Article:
Catalonia Nears Autonomy From Spain

Jose Lopez, 52, a news vendor in Barcelona, says Spain is moving toward a U.S.-style system
Jose Lopez, 52, a news vendor in Barcelona, says Spain is moving toward a U.S.-style system "where a person is a citizen of a state and of the country, too." (By John Ward Anderson -- The Washington Post)
By John Ward Anderson
Washington Post Foreign Service
Saturday, January 28, 2006

BARCELONA -- They have their own language, their own culture, and a history of rebellion going back more than 500 years. They have had periods of semi-independence punctuated by brutal government crackdowns. They have a vibrant economy that is the envy of their country. And they're determined to become their own nation.

It is a picture that fits any number of armed separatist movements around the world. Here, it describes a peaceful drive for more autonomy in the Spanish region of Catalonia, and it is nearing success with the backing of the country's Socialist prime minister, Jose Luis Rodriguez Zapatero.

Opponents say the plan for more self-rule is a Trojan horse, paving the way for full independence, striking at the foundation of Spain's 28-year-old democracy and threatening to break up the country. Francesc Vendrell, a spokesman in Catalonia for the opposition Popular Party, calls it unconstitutional. "If the current proposal is approved," he said, the effect would be to give the Basque region "a basis for independence."

But supporters say the legislation could achieve just the opposite by giving the Basque separatist group ETA, which Spain and the United States label a terrorist organization, a peaceful alternative to its bloody 45-year-old campaign for independence of Basque areas west of here. More than 800 people have died in that violence.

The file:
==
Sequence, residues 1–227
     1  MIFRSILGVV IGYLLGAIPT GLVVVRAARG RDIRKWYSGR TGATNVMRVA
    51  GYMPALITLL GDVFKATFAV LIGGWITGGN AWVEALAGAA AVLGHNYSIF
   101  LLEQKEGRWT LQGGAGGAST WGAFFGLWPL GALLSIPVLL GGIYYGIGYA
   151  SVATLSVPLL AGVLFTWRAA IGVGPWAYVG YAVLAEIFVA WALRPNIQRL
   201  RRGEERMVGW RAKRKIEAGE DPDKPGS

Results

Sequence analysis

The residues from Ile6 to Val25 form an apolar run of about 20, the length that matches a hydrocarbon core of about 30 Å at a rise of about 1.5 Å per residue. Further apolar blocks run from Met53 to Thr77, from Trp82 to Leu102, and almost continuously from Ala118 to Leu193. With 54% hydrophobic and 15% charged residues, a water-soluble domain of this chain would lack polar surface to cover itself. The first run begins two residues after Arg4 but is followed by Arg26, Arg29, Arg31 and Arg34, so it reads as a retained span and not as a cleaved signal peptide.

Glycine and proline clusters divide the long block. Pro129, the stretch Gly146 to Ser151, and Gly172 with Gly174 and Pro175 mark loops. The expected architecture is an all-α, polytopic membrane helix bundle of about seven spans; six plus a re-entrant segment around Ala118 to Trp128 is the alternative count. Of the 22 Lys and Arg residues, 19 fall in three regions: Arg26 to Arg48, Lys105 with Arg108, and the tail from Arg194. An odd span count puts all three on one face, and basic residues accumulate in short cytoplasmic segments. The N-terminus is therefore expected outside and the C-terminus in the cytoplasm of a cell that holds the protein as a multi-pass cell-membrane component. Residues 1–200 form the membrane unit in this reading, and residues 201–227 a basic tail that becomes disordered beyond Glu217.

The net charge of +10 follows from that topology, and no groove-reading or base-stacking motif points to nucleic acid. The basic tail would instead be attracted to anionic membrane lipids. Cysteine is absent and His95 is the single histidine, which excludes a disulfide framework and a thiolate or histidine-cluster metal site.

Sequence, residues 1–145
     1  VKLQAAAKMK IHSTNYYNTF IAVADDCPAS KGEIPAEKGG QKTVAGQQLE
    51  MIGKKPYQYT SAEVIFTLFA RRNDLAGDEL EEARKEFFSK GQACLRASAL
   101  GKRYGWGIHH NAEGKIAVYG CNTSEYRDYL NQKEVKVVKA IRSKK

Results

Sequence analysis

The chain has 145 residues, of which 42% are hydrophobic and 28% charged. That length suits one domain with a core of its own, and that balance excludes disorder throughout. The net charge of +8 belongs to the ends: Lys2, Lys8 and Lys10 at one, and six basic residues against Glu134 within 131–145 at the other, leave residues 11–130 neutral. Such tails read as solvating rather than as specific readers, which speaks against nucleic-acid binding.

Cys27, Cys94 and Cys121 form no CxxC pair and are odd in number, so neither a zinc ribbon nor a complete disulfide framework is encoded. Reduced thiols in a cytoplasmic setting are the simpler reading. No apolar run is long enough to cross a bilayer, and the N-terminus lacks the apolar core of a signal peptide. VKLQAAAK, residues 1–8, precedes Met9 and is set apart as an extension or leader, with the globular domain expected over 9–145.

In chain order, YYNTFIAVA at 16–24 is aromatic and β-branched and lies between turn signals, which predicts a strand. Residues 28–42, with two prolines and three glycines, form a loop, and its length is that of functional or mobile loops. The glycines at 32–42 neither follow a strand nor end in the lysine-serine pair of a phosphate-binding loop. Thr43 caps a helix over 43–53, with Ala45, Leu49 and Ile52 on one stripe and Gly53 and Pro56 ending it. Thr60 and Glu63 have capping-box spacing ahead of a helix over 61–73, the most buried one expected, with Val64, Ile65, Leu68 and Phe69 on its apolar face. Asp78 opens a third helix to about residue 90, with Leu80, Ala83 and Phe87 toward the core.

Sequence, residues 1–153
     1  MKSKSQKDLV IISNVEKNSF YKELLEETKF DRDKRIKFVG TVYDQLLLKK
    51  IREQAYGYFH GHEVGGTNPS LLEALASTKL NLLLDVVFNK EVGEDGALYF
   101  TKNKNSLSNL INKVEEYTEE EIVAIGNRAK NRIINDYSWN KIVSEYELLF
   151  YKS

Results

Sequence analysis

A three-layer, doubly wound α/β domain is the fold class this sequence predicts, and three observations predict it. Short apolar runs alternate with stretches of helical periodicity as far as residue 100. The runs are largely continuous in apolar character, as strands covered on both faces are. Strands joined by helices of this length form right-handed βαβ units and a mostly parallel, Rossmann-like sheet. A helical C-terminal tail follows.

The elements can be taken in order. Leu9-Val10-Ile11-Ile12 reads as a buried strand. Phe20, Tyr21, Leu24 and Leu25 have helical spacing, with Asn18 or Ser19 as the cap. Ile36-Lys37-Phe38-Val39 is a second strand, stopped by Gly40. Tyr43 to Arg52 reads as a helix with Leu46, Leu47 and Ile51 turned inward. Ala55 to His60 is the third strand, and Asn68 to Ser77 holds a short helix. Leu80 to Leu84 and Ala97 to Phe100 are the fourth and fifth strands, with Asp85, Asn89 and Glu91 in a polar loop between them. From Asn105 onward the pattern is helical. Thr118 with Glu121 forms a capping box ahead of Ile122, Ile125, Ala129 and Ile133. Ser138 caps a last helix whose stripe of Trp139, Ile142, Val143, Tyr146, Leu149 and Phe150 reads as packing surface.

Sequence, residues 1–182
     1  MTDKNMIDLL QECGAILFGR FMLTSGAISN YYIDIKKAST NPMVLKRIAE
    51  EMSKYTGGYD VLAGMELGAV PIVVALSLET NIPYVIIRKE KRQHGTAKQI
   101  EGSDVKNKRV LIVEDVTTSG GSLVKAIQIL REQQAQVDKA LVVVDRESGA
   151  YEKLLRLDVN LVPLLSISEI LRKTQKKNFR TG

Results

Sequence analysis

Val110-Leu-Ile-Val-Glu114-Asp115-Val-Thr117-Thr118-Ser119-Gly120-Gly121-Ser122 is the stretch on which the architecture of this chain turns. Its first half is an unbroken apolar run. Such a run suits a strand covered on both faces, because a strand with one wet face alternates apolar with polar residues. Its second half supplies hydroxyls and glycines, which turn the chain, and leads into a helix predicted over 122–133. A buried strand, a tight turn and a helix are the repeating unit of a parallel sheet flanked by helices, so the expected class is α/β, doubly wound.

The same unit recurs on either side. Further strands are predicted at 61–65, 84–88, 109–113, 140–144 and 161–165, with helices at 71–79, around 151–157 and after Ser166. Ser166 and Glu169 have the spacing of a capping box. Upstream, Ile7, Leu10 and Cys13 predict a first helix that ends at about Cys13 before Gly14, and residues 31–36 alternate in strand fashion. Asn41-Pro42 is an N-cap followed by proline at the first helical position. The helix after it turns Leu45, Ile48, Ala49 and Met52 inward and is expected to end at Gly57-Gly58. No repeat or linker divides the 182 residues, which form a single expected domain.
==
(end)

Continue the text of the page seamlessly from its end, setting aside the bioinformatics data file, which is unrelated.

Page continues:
"The move for independence will grow if the Catalan statute is not approved," said Pasqual Maragall, president of Catalonia, a region of about 7 million people centered around the cosmopolitan Mediterranean city of Barcelona. "It's a cautious, ambitious, but very clever and acceptable approach to the Basque question," Spain's most intractable problem.

Conservative and nationalist opposition to the plan, which analysts predict parliament will pass in modified form in a few months, has been intense. A countrywide boycott was launched against Catalan goods, particularly its famous Cava sparkling wine, and the Popular Party accused Zapatero's government of fomenting the Balkanization of Spain.

Lt. Gen. Jose Mena Aguado was fired as head of land forces earlier this month after warning of "serious consequences" if the law were passed. He also cited a clause in the constitution permitting the armed forces to intervene to guarantee the unity and sovereignty of Spain. Army Maj. Tomas Torres Peral later criticized the firing in a newspaper opinion piece, asking, "Can one, must one, be neutral when it comes to defending the constitution?"

The remarks, which recalled Gen. Francisco Franco's four decades of military dictatorship , stunned Spaniards across the political spectrum, and underscored how polarizing the issue has become.

"In the long run, if this goes forward, we will have a war among us," said Antonio Valor, 67, a retired auto worker who moved to Barcelona when he was 23. "Spain is only one nation with one flag, and that's how to avoid a civil war."

The autonomy bid has transfixed Spain ever since the Catalonian parliament voted overwhelmingly to become a "nation" -- but still remain a part of the country -- last September, and then forwarded the proposal to the Spanish parliament in Madrid.

Zapatero's two-year-old government embraced the concept but insisted on changes that were still being negotiated. Polls predict easy passage.

Jose Luiz Perez, an economic consultant in Madrid, said Zapatero's minority government relied in parliament on small regional parties that wanted the measure. So "his hands are tied" on this issue, Perez said. "It's for survival."

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